Sustainable domestic hot water production with heat pumping technologies will become the dominant energy demand in the domestic infra structure offering affordable smart storage opportunities.

Domestic sector energy consumption is mainly concentrated around space heating and hot water demand. Due to new building regulations and energy efficiency measures, in the future, space-heating demands will decrease, by inherently better insulation. But domestic hot water demand will remain relatively constant and can even increase as a consequence of higher comfort demands (e.g. rain-showers) by the end user. Thus due to strict legislation on energy performance domestic hot water is going to dominate the overall energy use in houses, both for the end use in kWh and in capacity.

The objective for the Annex is to analyse the information on hot water heat pumping technologies for the production of sanitary hot water in domestic and other applications. This information will be structured in such a way that leads to better understanding in the market by the end user and policy maker.

The work under the Annex will provide deeper insight into the potential of applying domestic hot water heat pumps using various concepts and systems for new as well as existing buildings by:

  • Reviewing available domestic hot water heat pumps and double function heat pumps making hot water next to space heating and/or cooling.
  • Reviewing the different systems for domestic hot water in their traditional and potential applications and gaining deeper insight in to the use of domestic hot water in order to create a solid basis for test and standardisation procedures.
  • Developing and validating models to enable an objective comparison of domestic hot water heat pumping technologies and other systems.
  • Making an overview of R&D, and sketching a scenario on the needed R&D. This information will be provided to industry players, institutes, and governments with the goal of achieving simple and low-cost solutions.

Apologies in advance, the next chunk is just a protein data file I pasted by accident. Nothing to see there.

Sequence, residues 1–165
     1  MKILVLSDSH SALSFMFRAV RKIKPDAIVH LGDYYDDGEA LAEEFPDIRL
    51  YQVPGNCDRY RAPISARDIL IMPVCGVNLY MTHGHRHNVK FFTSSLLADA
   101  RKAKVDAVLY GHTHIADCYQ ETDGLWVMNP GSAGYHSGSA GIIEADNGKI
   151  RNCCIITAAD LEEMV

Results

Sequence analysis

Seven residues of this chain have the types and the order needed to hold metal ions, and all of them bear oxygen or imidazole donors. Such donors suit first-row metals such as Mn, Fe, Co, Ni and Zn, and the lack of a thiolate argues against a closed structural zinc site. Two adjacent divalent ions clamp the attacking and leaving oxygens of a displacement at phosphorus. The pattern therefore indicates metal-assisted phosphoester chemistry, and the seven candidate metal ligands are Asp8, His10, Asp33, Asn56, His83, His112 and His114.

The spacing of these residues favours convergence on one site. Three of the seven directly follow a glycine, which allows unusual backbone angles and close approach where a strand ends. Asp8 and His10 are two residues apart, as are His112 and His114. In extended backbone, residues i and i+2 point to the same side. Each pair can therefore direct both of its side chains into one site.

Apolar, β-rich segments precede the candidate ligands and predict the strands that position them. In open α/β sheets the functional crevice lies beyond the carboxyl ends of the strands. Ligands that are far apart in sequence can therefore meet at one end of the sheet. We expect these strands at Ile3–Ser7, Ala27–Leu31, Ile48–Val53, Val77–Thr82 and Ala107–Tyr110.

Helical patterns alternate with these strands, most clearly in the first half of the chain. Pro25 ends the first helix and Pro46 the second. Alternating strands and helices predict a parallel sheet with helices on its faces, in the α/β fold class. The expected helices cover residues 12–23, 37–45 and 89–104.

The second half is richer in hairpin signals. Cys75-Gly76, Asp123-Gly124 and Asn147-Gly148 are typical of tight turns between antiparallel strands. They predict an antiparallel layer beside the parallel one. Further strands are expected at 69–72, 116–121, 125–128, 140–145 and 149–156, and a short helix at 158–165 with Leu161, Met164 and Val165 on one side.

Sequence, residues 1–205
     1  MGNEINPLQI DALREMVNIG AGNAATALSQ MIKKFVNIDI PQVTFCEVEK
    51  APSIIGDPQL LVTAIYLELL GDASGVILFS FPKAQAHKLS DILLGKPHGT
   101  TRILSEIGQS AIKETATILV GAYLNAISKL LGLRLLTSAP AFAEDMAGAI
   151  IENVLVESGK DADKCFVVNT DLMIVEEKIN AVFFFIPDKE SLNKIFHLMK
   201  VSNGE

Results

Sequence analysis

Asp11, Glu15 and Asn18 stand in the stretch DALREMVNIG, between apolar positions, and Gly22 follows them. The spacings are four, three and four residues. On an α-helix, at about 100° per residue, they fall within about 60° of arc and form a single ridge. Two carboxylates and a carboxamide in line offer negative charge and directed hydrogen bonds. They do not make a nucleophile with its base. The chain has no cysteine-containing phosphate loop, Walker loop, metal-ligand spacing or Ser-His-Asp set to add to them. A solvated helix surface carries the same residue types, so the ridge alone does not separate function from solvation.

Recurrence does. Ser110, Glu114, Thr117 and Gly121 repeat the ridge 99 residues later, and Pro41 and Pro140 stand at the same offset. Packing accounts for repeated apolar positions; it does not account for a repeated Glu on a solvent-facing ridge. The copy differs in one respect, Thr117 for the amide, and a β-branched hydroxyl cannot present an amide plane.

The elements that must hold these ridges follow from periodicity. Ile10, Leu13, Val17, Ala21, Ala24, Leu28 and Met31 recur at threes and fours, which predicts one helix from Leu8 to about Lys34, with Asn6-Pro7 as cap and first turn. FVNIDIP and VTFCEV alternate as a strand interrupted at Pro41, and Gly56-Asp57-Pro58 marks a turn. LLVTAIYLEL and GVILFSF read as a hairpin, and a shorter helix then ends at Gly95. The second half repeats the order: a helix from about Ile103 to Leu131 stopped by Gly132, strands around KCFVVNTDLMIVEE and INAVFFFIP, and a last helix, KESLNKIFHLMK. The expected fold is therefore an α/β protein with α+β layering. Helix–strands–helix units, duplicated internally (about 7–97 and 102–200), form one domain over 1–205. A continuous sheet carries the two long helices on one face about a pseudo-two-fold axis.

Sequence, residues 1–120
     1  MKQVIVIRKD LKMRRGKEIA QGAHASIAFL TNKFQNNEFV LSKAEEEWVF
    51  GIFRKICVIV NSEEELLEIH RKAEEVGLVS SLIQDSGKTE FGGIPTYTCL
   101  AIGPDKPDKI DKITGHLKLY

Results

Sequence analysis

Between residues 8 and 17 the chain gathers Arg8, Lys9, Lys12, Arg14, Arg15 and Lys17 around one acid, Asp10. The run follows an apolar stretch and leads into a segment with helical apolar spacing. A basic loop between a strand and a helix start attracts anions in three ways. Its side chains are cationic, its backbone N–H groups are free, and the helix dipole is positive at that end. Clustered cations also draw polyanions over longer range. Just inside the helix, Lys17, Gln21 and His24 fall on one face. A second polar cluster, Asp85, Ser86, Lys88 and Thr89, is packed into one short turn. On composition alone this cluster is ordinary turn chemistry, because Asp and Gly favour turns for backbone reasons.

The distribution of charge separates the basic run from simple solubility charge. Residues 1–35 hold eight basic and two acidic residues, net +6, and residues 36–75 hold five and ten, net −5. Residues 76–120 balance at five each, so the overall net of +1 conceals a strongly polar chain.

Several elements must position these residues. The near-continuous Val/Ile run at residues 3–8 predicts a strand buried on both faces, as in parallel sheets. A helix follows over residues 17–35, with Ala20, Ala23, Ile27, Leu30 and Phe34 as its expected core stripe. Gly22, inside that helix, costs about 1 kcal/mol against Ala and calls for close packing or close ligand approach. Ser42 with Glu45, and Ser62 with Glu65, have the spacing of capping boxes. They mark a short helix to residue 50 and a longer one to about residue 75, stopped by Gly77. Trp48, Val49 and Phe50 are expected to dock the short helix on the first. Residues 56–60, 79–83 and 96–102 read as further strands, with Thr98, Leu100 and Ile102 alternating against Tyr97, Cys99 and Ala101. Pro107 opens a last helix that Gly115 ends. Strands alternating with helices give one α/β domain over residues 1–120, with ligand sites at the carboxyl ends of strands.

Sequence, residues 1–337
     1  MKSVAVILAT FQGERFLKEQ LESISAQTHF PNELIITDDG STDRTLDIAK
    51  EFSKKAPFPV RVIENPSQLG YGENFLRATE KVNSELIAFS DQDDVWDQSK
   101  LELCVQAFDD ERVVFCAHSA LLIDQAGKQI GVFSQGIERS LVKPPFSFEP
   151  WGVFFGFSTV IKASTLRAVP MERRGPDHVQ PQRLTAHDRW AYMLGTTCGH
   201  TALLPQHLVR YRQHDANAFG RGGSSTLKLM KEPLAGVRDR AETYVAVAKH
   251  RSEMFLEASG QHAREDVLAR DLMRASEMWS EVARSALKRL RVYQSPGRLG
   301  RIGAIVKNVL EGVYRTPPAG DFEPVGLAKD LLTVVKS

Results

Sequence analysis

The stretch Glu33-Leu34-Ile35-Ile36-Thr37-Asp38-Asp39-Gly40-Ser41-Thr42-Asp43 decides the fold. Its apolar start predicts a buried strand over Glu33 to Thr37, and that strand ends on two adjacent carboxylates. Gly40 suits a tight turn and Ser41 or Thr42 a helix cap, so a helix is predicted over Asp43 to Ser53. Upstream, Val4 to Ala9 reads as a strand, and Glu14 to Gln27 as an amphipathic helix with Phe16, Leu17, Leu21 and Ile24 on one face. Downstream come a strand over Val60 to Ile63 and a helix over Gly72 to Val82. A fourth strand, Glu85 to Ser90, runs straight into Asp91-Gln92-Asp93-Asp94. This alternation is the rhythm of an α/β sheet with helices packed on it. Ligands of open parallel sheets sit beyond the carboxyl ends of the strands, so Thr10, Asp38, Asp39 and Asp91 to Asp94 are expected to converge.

• Data basing and where possible monitoring example projects to inform stakeholders of the viability of concepts.
  • Creating a web based information platform to serve countries participating in the Annex by publishing information on their market, legislation and policy.
  • Holding regular workshops
  • Collaborate with other related Annexes within the HPT-TCP or other TCP’s

Project manager and participating countries

Japan,  South Korea, United States, Canada, France, Switzerland and UK. Netherlands is Operating Agent.


The Annex has been structured into the following tasks:

  • Task 1. Market overview, barriers for application
  • Task 2. Systems and concepts in comparison to alternatives
  • Task 3. Modelling calculation and economic models
  • Task 4. R&D
  • Task 5. Example projects and monitoring
  • Task 6. Communication and training

Publication and result

The main objective is to provide deeper insight into the possibilities for implementation and potential reduction of CO2 emissions and energy costs using various domestic hot water heat pump concepts and systems for new as well as existing buildings. This will be achieved by delivering: